More than ten years ago I took part in an Outward Bound trip, white water rafting in Colorado and Utah. For a city-bred non-swimmer, this was a big adventure. I participated at the suggestion of a friend who was on the New York board; Outward Bound ran modified trips for those who might be interested in joining the board of directors. I say ‘modified’ because we weren’t sent off for a day by ourselves to explore and think.
We were an interesting crew. A newspaper executive and his son; a nationally syndicated columnist; a political consultant; the executive director of New York Outward Bound and a couple of board members; and some other outdoors-challenged people like me. Each of the rafts had an experienced guide. The scenery was breathtaking, the weather not so much. It had been a wet spring. The rivers were high and fast, and the weather was either overcast or rainy.
One memorable night it really began to pour. Because tents were too heavy for the supply raft to manage, we slept under tarps, three to a tarp. Using our rain slickers as ground cover to keep our sleeping bags dry, we watched as the rain got heavier. At one point the guide who shared our tarp reached into her backpack and brought out a spoon. We watched as she began to dig a modest trench on the rain-ward side, veering the water off down the hill. Sure enough, the water went around our tarp and down the incline. While not the most relaxing sleep I’ve ever had, at least it was a dry one.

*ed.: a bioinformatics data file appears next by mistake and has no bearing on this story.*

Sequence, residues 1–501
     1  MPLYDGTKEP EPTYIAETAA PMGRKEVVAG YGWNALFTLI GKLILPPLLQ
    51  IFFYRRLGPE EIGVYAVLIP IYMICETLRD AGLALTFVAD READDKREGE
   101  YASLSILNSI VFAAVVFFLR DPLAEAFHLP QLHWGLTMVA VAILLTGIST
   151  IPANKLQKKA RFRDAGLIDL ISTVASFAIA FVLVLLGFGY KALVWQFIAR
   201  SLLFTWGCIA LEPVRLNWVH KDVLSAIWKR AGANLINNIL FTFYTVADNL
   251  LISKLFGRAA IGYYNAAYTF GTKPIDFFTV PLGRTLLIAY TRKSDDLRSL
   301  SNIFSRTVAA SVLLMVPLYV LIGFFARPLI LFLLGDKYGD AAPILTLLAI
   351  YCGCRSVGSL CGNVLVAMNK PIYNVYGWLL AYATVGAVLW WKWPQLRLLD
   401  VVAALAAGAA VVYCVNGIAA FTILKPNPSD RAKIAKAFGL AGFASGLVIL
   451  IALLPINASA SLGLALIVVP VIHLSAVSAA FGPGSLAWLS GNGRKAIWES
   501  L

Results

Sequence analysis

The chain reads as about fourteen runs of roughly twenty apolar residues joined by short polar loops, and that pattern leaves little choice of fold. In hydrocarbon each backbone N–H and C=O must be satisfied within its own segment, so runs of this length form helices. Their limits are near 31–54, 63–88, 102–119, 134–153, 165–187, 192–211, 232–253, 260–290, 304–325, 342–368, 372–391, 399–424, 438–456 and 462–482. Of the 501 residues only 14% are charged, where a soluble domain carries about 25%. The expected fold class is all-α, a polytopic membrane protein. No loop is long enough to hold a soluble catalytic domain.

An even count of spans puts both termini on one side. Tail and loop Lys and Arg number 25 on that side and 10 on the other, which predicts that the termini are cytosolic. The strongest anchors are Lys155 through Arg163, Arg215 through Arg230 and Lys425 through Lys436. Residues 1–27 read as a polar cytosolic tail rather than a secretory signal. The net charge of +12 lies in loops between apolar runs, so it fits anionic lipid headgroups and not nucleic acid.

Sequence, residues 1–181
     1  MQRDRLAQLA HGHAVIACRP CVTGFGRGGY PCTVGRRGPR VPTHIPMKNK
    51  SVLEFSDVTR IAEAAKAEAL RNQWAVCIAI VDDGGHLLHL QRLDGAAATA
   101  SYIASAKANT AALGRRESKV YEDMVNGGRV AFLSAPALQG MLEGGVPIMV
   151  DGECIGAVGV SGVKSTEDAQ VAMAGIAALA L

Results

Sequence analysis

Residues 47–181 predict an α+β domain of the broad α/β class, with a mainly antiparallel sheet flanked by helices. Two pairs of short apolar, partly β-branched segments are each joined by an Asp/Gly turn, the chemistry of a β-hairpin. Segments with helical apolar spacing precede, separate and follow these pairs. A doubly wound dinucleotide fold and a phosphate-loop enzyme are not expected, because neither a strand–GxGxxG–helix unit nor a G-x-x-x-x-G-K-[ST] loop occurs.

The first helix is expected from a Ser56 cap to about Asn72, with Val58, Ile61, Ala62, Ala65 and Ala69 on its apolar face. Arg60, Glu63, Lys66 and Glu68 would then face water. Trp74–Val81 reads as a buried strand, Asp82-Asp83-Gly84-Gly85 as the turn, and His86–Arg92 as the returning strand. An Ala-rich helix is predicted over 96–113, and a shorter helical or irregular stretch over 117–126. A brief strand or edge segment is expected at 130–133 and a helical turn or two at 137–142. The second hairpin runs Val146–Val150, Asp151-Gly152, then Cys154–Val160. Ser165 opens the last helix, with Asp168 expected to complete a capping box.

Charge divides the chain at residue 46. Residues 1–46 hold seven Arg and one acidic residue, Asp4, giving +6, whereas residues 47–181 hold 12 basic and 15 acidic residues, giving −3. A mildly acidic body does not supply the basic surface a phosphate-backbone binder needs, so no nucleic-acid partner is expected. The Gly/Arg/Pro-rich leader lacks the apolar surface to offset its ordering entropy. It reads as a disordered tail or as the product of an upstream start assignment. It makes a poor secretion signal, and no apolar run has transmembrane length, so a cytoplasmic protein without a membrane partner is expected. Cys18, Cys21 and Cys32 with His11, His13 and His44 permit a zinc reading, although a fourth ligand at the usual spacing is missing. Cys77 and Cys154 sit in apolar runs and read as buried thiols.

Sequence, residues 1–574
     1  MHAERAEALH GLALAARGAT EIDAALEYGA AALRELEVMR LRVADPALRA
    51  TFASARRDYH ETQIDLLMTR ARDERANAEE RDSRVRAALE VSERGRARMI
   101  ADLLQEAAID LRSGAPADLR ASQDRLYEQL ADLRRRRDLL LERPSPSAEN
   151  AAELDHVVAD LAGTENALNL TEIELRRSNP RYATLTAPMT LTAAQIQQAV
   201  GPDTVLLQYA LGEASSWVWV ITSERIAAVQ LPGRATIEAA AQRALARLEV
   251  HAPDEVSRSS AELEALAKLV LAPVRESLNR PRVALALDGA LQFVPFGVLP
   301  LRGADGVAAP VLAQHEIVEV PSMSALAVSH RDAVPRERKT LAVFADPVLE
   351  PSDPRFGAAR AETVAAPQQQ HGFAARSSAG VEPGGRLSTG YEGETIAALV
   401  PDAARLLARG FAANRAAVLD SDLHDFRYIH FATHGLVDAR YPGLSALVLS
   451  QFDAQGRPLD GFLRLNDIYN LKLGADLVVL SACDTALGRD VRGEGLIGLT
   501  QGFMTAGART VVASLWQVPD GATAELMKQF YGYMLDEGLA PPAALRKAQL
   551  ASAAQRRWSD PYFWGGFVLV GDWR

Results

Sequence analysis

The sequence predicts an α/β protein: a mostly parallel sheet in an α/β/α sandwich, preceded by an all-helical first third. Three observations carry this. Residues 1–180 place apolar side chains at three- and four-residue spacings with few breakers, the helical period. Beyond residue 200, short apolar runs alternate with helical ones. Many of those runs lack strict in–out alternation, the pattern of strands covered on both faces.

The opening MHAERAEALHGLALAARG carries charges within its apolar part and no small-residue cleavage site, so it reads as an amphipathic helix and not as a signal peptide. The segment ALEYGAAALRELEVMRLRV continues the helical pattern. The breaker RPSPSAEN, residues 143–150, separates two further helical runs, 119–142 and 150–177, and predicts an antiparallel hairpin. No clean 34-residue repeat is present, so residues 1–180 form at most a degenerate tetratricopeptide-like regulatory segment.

I think of this scenario often when I have a problem to solve. Am I seeking too complex a solution? Do I have a simple tool to resolve the issue? As a manager, are you stuck with the thought that you only have a tarp to keep you dry, and so try to construct a waterproof shelter?
The next time you’re faced with a seemingly complex issue, ask yourself, “What’s my spoon?” I think you’ll be amazed at what you’ll find in your backpack.
Barbara Kurka, an experienced HR professional, offers executive coaching; management training, and HR consulting, the latter uniquely geared toward small businesses. She can be reached at email@example.com.